• “Son, Spirit, Snake,” by Jack Nash
  • “Nonzero,” by Tom Vandermolen
  • “On Writing and Science Fiction,” by L. Ron Hubbard
  • “The Last Drop,” by L. Ron Hubbard and L. Sprague de Camp
  • “The Imagalisk,” by Galen Westlake
  • “Life and Death and Love in the Bayou,” by Stephannie Tallent
  • “”Five Days Until Sunset,” by Lance Robinson
  • “Forty Years of Writers of the Future,” by Gregory Benford
  • “It Seemed Like Just Yesterday,” by Dean Wesley Smith
  • “Shaman Dreams,” by S.M. Stirling, inspired by Dan dos Santos’s “Starcatcher”)
  • “The Wall Isn’t a Circle,” by Rosalyn Robilliard
  • “Da-ko-ta,” by Amir Agoora
  • “Squiddy,” by John Eric Schleicher
  • “L. Ron Hubbard’s Illustrators of the Future at Thirty-Five!,” by Bob Eggleton
  • “Halo,” by Nancy Kress
  • “Ashes to Ashes, Blood to Carbonfiber,” by James Davies
  • “Summer of Thirty Years,” by Lisa Silverthorne
  • “Butter Side Down,” by Kal M
  • “The Year in the Contests
  • “Writers’ Contest Rules
  • “Illustrators’ Contest Rules
  • “Get Exclusive Content
  • “Become the Next Writer of the Future

The list of colour illustrations (I’m referring here to the print issue) near the beginning of the book is as follows:

  • “The Edge of Where My Light Is Cast,” by Carina Zhang
  • “Son, Spirit, Snake,” by “Pedro N.” (Pedro Nascimento)
  • “Nonzero,” by Jennifer Mellen
  • “The Last Drop,” by Chris Arias
  • “The Imagalisk,” by Arthur Haywood
  • “Life and Death and Love in the Bayou,” by Ashley Cassaday
  • “Five Days Until Sunset,” by Steven Bentley
  • “Starcatcher,” by Dan dos Santos (also the book’s cover)
  • “The Wall Isn’t a Circle,” by Guelly Rivera
  • “Da-ko-ta,” by Connor Chamberlain
  • “Squiddy,” by Tyler Vail
  • “Halo,” by Lucas Durham
  • ”Ashes to Ashes, Blood to Carbonfiber,” by May Zheng
  • ”Summer of Thirty Years,” by Gigi Hooper
  • ”Butter Side Down,” by Selina Meraki

As well as grayscale versions of each illustration with each story.

If you’re anything like me, you will be torn between the desire to devour the whole anthology in one sitting, which is possible—and the desire to read one or two and then think about what you just read and savour it. Forrest Gump might have said that “box of choc’lits” thing about this anthology, as each one is different, yet all appear to have been written by professional writers, as I didn’t find one amateurishly written clunker in the book. (Okay, if you want my honest opinion, the Hubbard/de Camp story was very much of its time. Maybe not so great these days, especially when compared to a couple of the gems in here, though I have always been a giant fan of Sprague, as he told me to call him on the one occasion I spent time with him.) Same goes for the illustrations. Because the book is not yet released (May 4), I’m unable to show any of the illustrations.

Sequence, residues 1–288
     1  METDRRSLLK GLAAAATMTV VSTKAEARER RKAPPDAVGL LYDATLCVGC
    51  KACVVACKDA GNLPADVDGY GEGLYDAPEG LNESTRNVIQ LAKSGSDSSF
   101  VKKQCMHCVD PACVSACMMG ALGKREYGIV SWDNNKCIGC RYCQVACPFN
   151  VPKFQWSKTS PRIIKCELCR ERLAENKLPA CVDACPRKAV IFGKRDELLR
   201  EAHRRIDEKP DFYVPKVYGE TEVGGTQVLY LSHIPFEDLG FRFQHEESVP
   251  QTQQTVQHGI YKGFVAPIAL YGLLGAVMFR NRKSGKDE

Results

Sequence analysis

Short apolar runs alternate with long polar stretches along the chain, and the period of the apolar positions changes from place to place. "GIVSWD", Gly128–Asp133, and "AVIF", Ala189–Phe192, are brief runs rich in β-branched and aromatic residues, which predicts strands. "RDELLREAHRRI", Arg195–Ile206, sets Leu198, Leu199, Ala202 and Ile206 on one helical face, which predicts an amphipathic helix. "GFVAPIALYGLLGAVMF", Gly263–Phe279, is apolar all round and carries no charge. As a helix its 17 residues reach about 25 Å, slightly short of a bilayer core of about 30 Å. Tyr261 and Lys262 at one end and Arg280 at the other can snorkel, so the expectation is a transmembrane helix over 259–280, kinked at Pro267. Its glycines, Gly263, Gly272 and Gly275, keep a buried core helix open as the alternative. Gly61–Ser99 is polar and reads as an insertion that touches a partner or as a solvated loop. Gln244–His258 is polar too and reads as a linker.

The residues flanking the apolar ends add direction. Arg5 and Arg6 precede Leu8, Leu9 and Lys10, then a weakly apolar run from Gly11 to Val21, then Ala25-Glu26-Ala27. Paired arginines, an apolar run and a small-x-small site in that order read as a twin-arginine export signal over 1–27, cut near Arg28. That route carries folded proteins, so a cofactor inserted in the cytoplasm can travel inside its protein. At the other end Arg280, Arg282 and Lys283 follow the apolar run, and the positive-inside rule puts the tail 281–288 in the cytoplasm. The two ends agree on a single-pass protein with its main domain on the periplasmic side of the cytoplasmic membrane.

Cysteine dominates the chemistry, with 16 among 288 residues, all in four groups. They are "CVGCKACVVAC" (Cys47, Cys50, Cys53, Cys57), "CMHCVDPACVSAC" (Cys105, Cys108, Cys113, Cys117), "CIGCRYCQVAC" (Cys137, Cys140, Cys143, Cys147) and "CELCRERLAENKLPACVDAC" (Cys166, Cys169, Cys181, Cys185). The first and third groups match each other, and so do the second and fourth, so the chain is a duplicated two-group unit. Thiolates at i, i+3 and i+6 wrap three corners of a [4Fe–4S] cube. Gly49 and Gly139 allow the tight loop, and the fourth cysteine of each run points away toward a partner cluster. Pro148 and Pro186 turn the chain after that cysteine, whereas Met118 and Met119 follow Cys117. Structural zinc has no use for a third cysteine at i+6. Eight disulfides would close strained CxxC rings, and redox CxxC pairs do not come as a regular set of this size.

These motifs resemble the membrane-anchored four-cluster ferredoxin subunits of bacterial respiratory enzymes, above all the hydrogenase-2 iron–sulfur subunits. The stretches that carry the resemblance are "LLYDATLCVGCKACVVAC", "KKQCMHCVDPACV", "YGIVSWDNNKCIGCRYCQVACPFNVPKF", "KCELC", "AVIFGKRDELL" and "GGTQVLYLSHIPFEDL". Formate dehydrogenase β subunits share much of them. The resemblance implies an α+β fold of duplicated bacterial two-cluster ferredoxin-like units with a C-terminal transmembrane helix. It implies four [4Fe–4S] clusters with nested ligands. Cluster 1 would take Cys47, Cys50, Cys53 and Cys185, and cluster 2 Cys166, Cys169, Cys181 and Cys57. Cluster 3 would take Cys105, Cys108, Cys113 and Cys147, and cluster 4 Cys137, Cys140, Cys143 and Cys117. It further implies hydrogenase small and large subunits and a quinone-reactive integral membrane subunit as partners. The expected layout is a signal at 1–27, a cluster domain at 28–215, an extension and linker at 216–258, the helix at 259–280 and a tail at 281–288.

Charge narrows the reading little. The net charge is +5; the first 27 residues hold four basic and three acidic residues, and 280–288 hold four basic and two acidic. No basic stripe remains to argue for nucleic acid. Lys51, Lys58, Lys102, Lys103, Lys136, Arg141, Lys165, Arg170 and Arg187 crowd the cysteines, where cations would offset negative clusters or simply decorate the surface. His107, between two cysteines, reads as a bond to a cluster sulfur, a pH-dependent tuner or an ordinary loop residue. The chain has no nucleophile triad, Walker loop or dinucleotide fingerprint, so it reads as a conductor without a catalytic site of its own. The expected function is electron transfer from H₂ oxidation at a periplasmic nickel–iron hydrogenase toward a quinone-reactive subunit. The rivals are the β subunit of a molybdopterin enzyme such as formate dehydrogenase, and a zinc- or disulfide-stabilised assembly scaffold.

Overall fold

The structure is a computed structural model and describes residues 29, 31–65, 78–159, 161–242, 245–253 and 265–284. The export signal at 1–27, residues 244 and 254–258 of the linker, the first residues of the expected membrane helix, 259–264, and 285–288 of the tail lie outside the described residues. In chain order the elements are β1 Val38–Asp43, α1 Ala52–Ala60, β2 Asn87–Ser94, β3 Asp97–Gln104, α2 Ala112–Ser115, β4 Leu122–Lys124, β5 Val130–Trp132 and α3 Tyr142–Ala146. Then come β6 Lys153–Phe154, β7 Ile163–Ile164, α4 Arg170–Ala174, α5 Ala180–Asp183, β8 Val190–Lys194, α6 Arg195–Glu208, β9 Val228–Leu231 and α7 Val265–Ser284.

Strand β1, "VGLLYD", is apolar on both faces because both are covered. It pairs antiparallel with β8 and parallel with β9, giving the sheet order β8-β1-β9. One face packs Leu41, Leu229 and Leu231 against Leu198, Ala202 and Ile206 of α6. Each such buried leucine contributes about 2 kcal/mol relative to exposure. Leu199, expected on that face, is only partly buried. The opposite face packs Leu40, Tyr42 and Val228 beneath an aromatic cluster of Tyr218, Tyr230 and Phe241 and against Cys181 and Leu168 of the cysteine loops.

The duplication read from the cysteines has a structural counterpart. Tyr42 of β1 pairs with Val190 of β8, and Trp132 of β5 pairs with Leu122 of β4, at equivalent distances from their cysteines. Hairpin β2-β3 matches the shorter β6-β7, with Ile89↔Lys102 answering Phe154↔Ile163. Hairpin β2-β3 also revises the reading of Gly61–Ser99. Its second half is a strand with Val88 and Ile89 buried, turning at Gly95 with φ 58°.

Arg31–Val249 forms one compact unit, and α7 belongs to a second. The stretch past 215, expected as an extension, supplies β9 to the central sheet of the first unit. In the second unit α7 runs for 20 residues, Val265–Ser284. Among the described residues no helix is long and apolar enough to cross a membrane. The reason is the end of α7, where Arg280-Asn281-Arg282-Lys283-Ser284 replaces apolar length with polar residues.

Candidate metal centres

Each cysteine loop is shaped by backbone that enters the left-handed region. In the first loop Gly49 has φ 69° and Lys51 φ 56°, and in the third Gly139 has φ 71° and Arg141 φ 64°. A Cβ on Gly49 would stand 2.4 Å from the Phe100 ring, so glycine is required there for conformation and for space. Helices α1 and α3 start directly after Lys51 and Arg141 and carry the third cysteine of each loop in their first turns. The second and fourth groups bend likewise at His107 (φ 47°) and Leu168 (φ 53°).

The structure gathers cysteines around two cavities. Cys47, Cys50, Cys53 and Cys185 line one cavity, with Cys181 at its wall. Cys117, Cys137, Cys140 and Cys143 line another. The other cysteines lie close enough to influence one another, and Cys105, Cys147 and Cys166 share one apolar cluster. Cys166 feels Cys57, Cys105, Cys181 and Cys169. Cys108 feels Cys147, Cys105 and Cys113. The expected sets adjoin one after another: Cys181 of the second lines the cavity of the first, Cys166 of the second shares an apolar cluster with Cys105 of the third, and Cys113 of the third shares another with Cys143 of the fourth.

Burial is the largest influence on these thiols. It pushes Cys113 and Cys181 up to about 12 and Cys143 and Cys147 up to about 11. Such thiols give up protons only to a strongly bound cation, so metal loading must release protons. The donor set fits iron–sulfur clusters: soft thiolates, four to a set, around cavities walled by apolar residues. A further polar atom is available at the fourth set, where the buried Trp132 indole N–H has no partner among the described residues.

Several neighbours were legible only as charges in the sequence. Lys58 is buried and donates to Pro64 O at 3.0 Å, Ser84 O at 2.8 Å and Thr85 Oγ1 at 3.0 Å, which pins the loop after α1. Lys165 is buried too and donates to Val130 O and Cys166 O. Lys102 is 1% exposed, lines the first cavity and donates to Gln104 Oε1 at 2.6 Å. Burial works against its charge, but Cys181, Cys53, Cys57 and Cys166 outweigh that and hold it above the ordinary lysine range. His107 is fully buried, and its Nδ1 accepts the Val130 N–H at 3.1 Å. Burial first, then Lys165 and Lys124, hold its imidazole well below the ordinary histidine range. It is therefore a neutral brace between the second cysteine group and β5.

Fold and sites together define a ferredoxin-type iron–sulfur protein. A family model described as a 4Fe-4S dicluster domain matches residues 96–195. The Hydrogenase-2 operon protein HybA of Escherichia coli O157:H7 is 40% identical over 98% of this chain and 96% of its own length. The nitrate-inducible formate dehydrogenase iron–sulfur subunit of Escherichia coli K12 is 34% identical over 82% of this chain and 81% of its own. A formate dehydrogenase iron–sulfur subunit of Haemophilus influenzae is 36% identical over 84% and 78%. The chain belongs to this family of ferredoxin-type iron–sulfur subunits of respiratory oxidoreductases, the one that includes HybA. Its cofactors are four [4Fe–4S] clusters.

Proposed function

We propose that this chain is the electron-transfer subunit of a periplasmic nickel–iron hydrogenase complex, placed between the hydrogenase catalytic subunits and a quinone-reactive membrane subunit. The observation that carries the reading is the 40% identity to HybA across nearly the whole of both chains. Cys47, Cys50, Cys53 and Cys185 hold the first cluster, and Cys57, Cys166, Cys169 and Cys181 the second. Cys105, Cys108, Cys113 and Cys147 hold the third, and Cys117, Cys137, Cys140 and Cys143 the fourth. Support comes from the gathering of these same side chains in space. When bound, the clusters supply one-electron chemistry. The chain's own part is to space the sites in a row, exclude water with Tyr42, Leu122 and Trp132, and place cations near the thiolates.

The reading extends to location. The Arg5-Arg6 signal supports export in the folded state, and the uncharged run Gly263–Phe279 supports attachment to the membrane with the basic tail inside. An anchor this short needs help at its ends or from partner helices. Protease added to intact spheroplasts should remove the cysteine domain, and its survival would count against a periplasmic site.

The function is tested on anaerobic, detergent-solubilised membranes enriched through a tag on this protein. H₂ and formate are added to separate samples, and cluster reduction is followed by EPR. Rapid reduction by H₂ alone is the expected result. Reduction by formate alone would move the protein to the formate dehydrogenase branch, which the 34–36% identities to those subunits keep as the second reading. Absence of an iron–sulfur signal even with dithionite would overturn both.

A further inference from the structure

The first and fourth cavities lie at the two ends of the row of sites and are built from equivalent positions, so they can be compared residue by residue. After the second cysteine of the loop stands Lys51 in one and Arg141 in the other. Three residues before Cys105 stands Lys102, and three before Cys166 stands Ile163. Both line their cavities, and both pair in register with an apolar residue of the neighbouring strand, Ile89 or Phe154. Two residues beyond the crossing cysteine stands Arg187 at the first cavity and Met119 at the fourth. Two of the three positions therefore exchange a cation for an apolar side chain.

About half the stories are science fiction, the rest are various sorts of fantasy, although Stirling’s “Starcatcher,” which is set in the Paleolithic Age, is a bit of both. There are no “faeries” here; most of the fantasy is firmly grounded in varied cultural practices and morés involving Earth spirites, etc. The different descriptions allow for a greater depth than any number of stories using familiar fantasy tropes, I’d say. The various nonfiction articles are invaluable to any would-be entrant in the two contests; I only regret that my own professional sales in both writing and art prevent me from entering again, as I’m envious of anyone who will have the exciting chance of winning even a minor prize in these contests!

Every story is prefaced with an introduction to both the author and the artist. Although these people may be amateur by definition (face it, the word “amateur” means literally “lover of”), each one seems to have spent years learning to be a writer or an artist, and therefore in my opinion each one is at least a “semi-pro.” The stories and illustrations are professional quality; I’ve seen much worse published elsewhere by acknowledged pros.

On to the stories (I won’t attempt to critique the art in this review. I’m mainly a book and film reviewer). I can’t possibly—without making this entirely TLDR—critique them all, so I’ll do a representative sample. What I will say is that I don’t think that you—wherever you start in this book—will be disappointed.